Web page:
Student debt and tuition hikes: destroying the lives of America's children


In Rolling Stone, Matt Taibbi takes a long, in-depth look at the scandal of student loans and tuition hikes, a two-headed parasite sucking America's working class and middle class dry as they plunge their children into a lifetime of ballooning debt in the vain hope of a better, college-educated future. The feds keep backing student loans, and the states keep cutting university funding, so the difference is made up by cranking up tuition and shifting the burden to future grads. Meanwhile, the laws that prohibit discharging student debt in bankruptcy, combined with ballooning default penalties (your $30K debt can rocket to $120K if you have a heart-attack and are bedridden and can't make payments) and the most ruthless, unsupervised, criminal collection agencies means that tens of millions of Americans are trapped in a nightmare that never ends -- student debt being the only debt that can be taken out of your Social Security check. Matt Taibbi is a national treasure, and Rolling Stone does us all a service by keeping him working.

If this piece moves you and you want to learn more, Don't miss "Generation of Debt," an important pamphlet on the subject from UC students.

They all take responsibility for their own mistakes. They know they didn't arrive at gorgeous campuses for four golden years of boozing, balling and bong hits by way of anybody's cattle car. But they're angry, too, and they should be. Because the underlying cause of all that later-life distress and heartache – the reason they carry such crushing, life-alteringly huge college debt – is that our university-tuition system really is exploitative and unfair, designed primarily to benefit two major actors.

First in line are the colleges and universities, and the contractors who build their extravagant athletic complexes, hotel-like dormitories and God knows what other campus embellishments. For these little regional economic empires, the federal student-loan system is essentially a massive and ongoing government subsidy, once funded mostly by emotionally vulnerable parents, but now increasingly paid for in the form of federally backed loans to a political constituency – low- and middle-income students – that has virtually no lobby in Washington.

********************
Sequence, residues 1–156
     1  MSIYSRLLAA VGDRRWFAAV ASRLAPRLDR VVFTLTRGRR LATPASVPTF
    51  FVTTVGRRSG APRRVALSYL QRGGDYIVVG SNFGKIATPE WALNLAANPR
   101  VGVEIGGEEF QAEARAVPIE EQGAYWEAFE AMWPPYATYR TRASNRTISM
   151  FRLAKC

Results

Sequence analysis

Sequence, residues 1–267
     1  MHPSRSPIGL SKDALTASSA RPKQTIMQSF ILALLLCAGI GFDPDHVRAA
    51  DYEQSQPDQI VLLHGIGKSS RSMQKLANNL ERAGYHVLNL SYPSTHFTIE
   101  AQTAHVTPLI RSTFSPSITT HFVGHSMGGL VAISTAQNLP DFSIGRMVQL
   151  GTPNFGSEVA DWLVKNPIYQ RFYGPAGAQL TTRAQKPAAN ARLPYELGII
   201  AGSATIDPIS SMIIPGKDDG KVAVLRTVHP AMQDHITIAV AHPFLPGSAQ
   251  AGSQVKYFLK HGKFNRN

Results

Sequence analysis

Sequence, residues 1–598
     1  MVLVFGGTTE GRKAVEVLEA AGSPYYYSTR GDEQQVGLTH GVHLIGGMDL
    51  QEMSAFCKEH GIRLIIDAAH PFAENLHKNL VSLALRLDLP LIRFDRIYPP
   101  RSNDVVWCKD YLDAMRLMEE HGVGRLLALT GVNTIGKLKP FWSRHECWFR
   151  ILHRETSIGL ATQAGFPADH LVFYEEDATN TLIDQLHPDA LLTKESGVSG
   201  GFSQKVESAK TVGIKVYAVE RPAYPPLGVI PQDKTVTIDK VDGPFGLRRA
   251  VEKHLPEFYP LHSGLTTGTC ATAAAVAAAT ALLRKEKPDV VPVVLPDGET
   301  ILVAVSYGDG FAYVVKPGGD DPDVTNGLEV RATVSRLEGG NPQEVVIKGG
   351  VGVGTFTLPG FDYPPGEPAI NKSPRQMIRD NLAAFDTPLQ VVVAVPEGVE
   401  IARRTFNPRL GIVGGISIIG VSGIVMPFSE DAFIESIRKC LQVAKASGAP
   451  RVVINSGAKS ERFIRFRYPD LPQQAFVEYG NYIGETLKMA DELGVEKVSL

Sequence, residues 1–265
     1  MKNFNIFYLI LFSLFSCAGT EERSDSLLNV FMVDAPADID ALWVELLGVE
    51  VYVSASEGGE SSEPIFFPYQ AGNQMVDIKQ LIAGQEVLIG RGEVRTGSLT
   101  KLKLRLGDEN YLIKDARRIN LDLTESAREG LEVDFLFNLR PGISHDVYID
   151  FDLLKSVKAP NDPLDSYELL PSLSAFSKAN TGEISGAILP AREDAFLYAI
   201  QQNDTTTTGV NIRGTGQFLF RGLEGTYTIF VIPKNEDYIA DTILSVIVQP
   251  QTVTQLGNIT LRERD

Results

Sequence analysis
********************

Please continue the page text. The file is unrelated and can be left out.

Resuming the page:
Next up is the government itself. While it's not commonly discussed on the Hill, the government actually stands to make an enormous profit on the president's new federal student-loan system, an estimated $184 billion over 10 years, a boondoggle paid for by hyperinflated tuition costs and fueled by a government-sponsored predatory-lending program that makes even the most ruthless private credit-card company seem like a "Save the Panda" charity. Why is this happening? The answer lies in a sociopathic marriage of private-sector greed and government force that will make you shake your head in wonder at the way modern America sucks blood out of its young.

In the early 2000s, a thirtysomething scientist named Alan Collinge seemed to be going places. He had graduated from USC in 1999 with a degree in aerospace engineering and landed a research job at Caltech. Then he made a mistake: He asked for a raise, didn't get it, lost his job and soon found himself underemployed and with no way to repay the roughly $38,000 in loans he'd taken out to get his degree.

Collinge's creditor, Sallie Mae, which originally had been a quasi-public institution but, in the late Nineties, had begun transforming into a wholly private lender, didn't answer his requests for a forbearance or a restructuring. So in 2001, he went into default. Soon enough, his original $38,000 loan had ballooned to more than $100,000 in debt, thanks to fees, penalties and accrued interest. He had a job as a military contractor, but he lost it when his employer ran a credit check on him. His whole life was now about his student debt.

Ripping Off Young America: The College-Loan Scandal [Matt Taibbi/Rolling Stone]